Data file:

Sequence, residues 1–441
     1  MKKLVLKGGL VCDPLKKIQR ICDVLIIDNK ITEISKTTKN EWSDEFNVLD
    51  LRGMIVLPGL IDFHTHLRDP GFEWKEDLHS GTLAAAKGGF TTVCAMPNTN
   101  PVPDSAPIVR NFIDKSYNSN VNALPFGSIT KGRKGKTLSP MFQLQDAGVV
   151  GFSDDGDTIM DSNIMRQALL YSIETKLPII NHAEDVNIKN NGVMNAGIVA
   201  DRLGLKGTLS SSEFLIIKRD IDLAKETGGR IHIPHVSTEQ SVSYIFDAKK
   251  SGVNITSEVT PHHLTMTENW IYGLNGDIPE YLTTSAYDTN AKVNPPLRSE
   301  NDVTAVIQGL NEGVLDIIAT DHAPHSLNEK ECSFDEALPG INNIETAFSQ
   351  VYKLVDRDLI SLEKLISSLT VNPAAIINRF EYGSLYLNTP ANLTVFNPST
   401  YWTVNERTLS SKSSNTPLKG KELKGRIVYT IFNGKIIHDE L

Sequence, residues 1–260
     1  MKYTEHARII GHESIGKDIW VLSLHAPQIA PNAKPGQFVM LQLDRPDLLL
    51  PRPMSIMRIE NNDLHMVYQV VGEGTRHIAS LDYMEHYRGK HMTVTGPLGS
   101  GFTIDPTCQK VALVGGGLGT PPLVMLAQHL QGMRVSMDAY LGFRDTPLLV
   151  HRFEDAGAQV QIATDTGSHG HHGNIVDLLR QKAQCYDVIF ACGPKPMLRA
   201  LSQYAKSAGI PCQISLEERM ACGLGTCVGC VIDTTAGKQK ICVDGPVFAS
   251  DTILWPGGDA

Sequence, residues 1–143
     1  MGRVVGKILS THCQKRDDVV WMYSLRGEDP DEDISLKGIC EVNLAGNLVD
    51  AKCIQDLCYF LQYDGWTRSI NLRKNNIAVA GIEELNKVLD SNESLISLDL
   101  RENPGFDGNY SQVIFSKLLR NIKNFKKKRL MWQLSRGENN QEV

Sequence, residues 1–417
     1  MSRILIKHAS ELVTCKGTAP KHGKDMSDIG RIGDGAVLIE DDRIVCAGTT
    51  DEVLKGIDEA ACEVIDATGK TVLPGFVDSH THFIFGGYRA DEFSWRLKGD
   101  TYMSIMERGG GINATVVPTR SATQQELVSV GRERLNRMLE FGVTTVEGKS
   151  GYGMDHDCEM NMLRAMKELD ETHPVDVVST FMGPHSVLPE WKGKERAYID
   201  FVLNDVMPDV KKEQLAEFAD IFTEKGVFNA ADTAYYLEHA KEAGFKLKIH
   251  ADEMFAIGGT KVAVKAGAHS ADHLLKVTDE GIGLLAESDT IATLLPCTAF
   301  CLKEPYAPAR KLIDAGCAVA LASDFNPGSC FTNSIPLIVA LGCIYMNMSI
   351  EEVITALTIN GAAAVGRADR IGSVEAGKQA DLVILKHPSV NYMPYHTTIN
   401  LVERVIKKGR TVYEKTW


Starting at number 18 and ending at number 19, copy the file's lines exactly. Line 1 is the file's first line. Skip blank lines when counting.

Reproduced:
Sequence, residues 1–143
     1  MGRVVGKILS THCQKRDDVV WMYSLRGEDP DEDISLKGIC EVNLAGNLVD